5. Louis, ANY ball and socket head, even a relatively low priced one such as this Manfrotto (Bogen in US?) - which would be somewhere round your $100 price, will be a vast improvement over a plastic head.
    http://www.morrisphoto.co.uk/ProductDetails~man~Manfrotto~productID~4253~categoryid~158.html
     
  6. Thanks I'll look at this one.

    The one I had was similar to this one http://www.bhphotovideo.com/c/product/284638-REG/Cullmann_CU_3200_Universal_3200_Video_Tripod.html
     
  7. You spend $2,500 on a camera body and over a thousand on a lens, but will only put a hundred bucks on the single most important thing for sharp photos? ROFL!!!!!! Get an AcraTech Ultimate ballhead. You are throwing money down the toilet on the hundred dollar heads and will end up with the AcraTech or equiv. anyway. Nearly $4,000 camera/lens on a hundred dollar head....ROFL!!!!!


    Kent in SD


    Kent in SD
     
  8. Point well taken Kent. Truth is I do A LOT more wide angle landscape stuff than the large Telephoto. Even with the cheezy head I was using the only place it comprimised quality was over 300mm. I'll look at that ballhead though. Hopefully it's not like the Gitzo tripod issue. It may be a great tripod, top of the line even, but there are many other lower priced Tripods that do the job as well. Maybe they weigh a few ounces more and don't have the same name throwing weight, but they do thier job. None the less, I do not want this to turn into a Tripod debate. I just need some input on people's experiences with Tripod heads that do the job (top of the line or not). I don't need a Ferrari, just a dependable vehicle to get me the results I want(sharp pictures). Thanks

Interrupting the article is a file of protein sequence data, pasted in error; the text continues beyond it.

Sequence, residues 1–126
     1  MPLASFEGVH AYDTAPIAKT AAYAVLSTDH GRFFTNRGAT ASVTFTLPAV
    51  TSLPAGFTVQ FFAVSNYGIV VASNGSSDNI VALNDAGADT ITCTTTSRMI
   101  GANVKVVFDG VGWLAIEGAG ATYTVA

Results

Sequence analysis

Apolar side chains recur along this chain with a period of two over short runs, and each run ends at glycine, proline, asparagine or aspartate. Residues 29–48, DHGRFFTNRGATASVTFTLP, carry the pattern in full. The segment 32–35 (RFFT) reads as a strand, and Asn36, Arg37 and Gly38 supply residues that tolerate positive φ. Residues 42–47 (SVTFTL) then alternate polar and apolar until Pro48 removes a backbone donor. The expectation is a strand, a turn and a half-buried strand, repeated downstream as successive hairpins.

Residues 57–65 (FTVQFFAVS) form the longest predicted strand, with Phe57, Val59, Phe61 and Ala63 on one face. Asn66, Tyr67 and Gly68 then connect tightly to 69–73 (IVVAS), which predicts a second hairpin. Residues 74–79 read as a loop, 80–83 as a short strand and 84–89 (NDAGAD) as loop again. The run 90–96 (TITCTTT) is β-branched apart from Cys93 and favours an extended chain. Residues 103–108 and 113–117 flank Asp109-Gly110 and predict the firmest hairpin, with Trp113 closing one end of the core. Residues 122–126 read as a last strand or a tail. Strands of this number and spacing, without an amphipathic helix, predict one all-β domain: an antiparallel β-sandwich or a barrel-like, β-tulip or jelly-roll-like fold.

9. BTW Kent, I just looked at that head. It seems nice and that price is reasonable (but not what I expected based on your posting). Thanks for your input.
     
  10. Kent is right, the single most important point in the optical chain is the tripod/head combo. A good tripod/head can make as much difference as a lens upgrade.

    Since you say you have a good set of tripod legs (hopefully Bogen or Gitzo or similar, rated for 20+ lbs, and rock solid to the touch) and are shooting with a SLR, I'd steer you to any of the main mid-grade ballheads. A ballhead is much more user-friendly, especially for SLR shooting.

    Kent has mentioned one of the primary contenders, the Acratech Ultimate Ballhead. The other alternatives to look at are the Kirk BH-3, the Markins M10, Arca Swiss Z1, or the Really Right Stuff (RRS) BH-40. Of these, the Kirk and Acratech will be the most affordable. If you want to do it right the first time, buy one of the larger series ballheads Kirk BH-1, RRS BH-55, Arca Swiss B1, or Markins M20.

    If you are looking at putting more money into gear and lenses (esp longer lenses), bite the bullet and just buy once. This article is a good read for a sense of perspective on the issue...